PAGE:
“Regional Development Project Utilizing Traditional Foods ‘Akajaga (Red Potatoes)’ and ‘Awabatadaizu (Awabata Soybeans)”
Gunma Prefectural Seta Norin High School, Plant Biology Research Department
The aging population is a serious issue for the town of Kanna in Tano County, Gunma Prefecture, and as a result, its precious genetic resource has begun to vanish. Through efforts to revive and utilize the cultivation of “Akajaga (red potatoes)” and “Awabatadaizu (Awabata soybeans),” the research department is contributing to the preservation of the region’s genetic resources and its revitalization.
The students learned that soil, water, and genetic resources are the bedrock of agriculture and global food security. But what is most overlooked is the genetic resource of plants.
In order to realize a sustainable society through agriculture and social development, and to protect the plant genetic resources of the region, it is important to continue to cultivate locally and to secure reproducible retail prices, in other words, to enable commercial cultivation. That is why the students have made efforts to amass and utilize genetic resources; thereby revitalizing the region. The school’s efforts began in 2006 from research which led to the discovery of “Akajaga” and subsequently the “Awabatadaizu” in 2011, both of which are traditional vegetables of the town of Kanna, Tano County, Gunma Prefecture.
The town of Kanna is located in a hilly, mountainous area that has a rich endowment of both natural and cultural resources. However, the society is aging rapidly; In 2019, elderly citizens accounted for 60.6% of the town’s population, the highest in the country. That is why the students embarked on revitalization of the region utilizing traditional foods.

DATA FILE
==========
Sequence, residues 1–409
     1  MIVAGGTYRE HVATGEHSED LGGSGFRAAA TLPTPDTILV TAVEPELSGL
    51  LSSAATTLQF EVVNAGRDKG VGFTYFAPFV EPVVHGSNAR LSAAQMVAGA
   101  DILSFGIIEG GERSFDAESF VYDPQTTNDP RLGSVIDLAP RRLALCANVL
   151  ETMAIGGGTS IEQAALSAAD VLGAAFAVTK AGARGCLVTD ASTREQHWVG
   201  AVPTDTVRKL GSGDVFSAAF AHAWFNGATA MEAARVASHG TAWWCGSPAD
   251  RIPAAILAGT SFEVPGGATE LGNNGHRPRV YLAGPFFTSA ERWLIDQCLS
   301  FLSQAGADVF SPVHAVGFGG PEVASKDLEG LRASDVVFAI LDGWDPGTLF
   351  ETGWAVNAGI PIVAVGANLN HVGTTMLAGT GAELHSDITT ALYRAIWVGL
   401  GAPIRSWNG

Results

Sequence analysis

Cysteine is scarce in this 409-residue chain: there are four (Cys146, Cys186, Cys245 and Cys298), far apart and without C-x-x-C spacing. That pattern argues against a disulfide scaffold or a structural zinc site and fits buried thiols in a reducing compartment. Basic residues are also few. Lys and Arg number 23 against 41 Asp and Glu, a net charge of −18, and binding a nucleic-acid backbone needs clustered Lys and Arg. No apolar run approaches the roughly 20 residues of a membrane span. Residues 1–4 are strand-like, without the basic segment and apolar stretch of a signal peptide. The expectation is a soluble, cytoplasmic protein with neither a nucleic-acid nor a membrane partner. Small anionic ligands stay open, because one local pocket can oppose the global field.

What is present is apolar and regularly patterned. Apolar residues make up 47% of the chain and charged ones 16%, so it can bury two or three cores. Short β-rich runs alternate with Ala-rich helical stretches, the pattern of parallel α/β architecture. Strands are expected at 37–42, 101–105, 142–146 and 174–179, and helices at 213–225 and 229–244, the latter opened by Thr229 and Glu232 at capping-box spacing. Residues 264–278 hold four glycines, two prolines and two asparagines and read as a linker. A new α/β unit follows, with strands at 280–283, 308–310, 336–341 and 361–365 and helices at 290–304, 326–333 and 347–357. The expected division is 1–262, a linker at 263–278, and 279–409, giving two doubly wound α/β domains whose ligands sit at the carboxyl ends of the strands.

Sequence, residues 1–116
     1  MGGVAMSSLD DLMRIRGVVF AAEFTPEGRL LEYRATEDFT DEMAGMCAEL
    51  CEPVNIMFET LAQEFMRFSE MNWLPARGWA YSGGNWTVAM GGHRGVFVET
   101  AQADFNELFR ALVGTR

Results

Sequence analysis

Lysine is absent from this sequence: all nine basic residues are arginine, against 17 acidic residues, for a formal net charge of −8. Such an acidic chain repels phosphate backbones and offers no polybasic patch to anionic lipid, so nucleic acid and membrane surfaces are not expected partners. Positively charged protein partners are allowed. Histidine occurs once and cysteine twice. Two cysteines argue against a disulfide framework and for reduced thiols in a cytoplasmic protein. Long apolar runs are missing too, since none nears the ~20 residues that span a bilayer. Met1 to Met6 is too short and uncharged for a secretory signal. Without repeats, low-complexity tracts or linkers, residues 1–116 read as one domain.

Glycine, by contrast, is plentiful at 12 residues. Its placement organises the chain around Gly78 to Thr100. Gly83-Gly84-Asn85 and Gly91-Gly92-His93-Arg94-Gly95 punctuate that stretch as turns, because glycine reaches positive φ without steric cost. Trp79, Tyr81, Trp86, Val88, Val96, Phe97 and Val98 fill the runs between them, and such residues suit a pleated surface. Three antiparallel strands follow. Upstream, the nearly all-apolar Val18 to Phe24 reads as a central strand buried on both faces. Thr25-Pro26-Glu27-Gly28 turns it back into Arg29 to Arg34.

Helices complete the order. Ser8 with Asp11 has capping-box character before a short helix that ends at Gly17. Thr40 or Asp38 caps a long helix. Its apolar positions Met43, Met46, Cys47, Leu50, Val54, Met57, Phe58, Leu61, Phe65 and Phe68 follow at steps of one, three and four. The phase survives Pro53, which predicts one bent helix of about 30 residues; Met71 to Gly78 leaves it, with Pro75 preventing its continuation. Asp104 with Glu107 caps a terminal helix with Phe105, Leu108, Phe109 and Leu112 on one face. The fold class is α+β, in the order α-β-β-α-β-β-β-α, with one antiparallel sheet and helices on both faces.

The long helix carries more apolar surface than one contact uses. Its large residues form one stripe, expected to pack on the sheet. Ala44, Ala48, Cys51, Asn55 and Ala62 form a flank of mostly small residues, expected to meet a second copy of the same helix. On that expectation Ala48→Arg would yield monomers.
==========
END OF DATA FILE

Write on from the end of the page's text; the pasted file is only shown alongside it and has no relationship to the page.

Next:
(1)Creating good phenon lines and providing seedlings
Farmers in the region have repeatedly cultivated Akajaga on their own, so the species is plagued by viruses. The students learned about shoot tip culture in class, and they have been attempting to create virus-free seed potatoes. With respect to Awabatadaizu, there was an issue with yield performance, so the students have focused on selecting the best phenon line and providing good seedlings to farmers.
(2)Rediscovering regional resources
The students gathered information about traditional farming equipment, foods, and local cuisine and organized cooking classes introducing local specialties to learn how to cook these dishes and to preserve the recipes.
(3)Developing Kanna’s signature product and spreading the word
Working together with a miso (fermented bean paste) shop, students developed “Okutano Miso” using Awabatadaizu and they are selling the miso at roadside stations, supermarkets, etc. Furthermore, they developed a new product for tourists using Akajaga, and have organized events with the help of a café, and sampling events at stores. The students are also undertaking various activities to spread the word about these products and local cuisines, including tasting events for elementary and junior high school students.